Abstract 10962: Long-term Clinical Impact of Cardiac Arrest in Patients With First Onset Acute ST-segment Elevation Myocardial Infarction
Background: Cardiac arrest complicating acute ST elevation myocardial infarction (STEMI) is known to be associated with increased in-hospital mortality. However, little is known about long-term outcomes after cardiac arrest. We aimed to find risk factors for cardiac arrest complicating STEMI and short- and long-term clinical outcomes.
Methods: We analyzed consecutive 8,201 STEMI patients (66.2±12.9 years old, 6,049 males) who were diagnosed STEMI and had no previous history of MI enrolled in Korean AMI Registry (KAMIR). They were divided into two groups according to the presence of cardiac arrest (Group I, patients with cardiac arrest; n=503, Group II, patients without cardiac arrest; n=7,698).
Results: Group I had significantly higher previous history of smoking, chronic renal disease (CKD), cerebrovascular accident (CVA) and lower serum level of high-density lipoprotein cholesterol (HDL-C), higher that of glucose. Group I had higher in-hospital mortality (27.6% vs. 3.9%, p<0.001) and multi-organ failure (6.4% vs. 2.2%, p<0.001). In stepwise multivariate model, CKD (HR 2.39, 95% CI 1.24-4.59), previous history of CVA (HR 1.59, 95% CI 1.04-2.42), serum glucose level ≥200 mg/dl (HR 3.86, 95% CI 3.03-4.91) and HDL-C < 40 mg/dL (HR 1.28, 95% CI 1.01-1.61) were independent predictor of cardiac arrest complicating STEMI. Group I had significantly higher 30 day mortality (HR 3.75, 95% CI 2.01-7.00, log-rank p<0.001). Although in Kaplan-Meier curve the higher mortality rate in cardiac arrest patients extends to one year, there were no significant increase in mortality beyond 30 days (6 month, HR 1.47, 95% CI 0.54-4.05, log rank p=0.451; 1 year HR 1.67, 95% CI 0.81-3.42, log-rank p=0.158). Also, there were no significant differences in 6 month and 1-year major adverse cardiac events including death, recurrent MI, and target vessel revascularization in patients who survived more than 30 days.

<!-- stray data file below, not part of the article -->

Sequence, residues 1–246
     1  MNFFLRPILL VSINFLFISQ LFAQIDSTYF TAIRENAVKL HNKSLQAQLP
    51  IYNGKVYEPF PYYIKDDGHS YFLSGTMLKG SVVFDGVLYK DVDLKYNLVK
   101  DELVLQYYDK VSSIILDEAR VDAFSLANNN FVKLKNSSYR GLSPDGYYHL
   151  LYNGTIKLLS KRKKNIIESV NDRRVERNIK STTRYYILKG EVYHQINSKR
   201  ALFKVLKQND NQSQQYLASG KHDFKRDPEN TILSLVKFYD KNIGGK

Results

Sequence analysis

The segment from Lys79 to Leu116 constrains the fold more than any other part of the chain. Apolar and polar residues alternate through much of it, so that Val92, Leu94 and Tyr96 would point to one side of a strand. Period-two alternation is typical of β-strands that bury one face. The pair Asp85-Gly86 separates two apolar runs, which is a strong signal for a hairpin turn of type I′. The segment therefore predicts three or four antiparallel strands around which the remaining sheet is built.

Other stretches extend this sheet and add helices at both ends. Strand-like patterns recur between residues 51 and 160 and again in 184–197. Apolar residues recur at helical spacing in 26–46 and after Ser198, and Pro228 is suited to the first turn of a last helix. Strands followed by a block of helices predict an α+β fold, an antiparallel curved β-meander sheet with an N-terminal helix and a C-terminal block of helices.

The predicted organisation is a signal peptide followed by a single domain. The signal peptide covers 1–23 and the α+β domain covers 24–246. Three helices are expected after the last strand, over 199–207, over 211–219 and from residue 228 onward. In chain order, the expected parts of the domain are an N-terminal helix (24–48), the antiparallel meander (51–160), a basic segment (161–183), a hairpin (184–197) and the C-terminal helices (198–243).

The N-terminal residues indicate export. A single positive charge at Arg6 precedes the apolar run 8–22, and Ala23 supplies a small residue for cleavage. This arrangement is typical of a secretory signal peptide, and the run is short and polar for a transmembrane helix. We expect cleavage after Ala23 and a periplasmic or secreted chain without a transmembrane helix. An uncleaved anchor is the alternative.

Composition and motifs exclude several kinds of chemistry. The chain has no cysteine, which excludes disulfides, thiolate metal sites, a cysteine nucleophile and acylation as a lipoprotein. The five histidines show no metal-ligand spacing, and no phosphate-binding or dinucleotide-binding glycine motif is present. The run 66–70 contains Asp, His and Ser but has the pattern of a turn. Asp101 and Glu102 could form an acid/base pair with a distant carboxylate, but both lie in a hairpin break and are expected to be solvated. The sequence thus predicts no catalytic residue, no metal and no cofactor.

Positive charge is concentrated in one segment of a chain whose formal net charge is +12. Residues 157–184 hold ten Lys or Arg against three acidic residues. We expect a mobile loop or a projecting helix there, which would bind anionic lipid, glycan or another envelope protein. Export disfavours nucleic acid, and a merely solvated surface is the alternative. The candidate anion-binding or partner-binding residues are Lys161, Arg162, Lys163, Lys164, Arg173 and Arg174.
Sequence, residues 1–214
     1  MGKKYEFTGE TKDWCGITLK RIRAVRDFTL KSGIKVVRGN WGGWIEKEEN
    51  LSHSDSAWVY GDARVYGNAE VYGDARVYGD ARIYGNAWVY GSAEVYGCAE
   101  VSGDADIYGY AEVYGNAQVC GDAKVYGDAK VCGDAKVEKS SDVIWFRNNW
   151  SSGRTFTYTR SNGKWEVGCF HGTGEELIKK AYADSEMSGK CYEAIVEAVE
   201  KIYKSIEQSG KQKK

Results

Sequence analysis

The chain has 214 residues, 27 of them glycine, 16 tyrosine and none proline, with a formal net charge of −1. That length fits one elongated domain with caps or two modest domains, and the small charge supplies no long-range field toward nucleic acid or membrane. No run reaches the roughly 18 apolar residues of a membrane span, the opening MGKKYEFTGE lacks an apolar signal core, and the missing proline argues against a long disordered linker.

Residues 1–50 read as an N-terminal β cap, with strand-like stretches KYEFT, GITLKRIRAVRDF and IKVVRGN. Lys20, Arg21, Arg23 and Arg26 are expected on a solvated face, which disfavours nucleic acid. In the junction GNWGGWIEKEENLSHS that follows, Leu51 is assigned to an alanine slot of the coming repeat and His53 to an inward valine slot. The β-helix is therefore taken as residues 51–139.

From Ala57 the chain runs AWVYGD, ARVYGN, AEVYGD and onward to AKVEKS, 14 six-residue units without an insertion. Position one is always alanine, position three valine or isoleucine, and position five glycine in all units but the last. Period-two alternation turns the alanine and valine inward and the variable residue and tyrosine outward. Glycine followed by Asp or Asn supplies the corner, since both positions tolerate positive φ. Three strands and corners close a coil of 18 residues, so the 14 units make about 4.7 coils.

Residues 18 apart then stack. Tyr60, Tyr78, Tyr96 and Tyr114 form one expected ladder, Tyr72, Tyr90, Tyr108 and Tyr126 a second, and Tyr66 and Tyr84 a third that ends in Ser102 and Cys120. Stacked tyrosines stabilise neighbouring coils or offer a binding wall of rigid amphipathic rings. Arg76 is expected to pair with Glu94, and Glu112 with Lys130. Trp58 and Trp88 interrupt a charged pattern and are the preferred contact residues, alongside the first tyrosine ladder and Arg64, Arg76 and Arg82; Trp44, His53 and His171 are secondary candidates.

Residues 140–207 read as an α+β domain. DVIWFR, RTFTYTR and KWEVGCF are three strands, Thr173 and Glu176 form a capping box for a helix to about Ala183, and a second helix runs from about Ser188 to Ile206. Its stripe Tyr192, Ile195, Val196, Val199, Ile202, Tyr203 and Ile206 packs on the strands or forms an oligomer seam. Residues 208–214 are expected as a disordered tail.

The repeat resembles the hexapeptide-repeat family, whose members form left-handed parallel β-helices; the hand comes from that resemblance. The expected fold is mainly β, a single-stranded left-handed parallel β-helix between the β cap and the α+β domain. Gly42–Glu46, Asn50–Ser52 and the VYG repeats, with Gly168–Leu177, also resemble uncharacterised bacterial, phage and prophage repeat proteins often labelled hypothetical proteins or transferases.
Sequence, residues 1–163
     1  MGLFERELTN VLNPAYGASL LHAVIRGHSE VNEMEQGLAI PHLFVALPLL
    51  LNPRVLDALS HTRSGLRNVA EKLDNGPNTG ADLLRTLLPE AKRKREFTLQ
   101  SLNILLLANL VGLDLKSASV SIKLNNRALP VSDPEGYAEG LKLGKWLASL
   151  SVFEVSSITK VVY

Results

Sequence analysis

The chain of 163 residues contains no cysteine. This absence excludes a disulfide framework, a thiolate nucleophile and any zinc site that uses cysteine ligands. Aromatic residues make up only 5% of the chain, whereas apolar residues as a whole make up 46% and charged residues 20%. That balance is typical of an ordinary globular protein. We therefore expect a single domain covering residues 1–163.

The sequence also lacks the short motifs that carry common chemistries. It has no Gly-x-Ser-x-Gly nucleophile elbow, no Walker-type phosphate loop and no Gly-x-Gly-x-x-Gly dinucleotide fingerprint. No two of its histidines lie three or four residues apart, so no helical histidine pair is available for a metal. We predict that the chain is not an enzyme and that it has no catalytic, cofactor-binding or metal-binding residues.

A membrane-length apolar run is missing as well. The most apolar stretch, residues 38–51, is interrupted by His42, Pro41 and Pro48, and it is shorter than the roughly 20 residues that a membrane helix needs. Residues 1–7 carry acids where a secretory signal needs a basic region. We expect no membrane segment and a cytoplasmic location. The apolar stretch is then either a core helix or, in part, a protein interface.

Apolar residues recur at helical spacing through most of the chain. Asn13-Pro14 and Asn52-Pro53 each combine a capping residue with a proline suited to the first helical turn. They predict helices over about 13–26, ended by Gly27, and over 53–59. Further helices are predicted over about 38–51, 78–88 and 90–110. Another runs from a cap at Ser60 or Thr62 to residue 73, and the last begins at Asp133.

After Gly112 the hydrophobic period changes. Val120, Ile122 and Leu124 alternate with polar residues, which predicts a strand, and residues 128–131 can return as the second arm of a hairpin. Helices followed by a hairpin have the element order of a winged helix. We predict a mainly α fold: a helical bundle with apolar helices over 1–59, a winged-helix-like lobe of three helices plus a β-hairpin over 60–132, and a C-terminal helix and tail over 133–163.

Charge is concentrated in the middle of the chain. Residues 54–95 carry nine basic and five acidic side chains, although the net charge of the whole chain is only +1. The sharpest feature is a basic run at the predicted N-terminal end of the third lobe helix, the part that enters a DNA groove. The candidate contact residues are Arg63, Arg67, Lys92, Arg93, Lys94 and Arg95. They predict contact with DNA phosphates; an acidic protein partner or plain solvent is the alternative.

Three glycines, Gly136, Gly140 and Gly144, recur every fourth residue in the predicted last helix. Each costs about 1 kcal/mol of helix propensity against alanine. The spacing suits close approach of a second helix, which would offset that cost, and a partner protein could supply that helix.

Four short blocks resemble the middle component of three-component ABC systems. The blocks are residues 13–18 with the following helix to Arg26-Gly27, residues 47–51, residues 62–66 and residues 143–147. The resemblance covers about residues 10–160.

Conclusions: Patients with CKD, CVA and high serum glucose level might have increased chance of cardiac arrest complicating STEMI. Although patients with cardiac arrest had higher in-hospital and 30-days post discharge mortality, cardiac arrest itself did not have any residual impact on mortality as well as clinical outcomes.
- © 2013 by American Heart Association, Inc.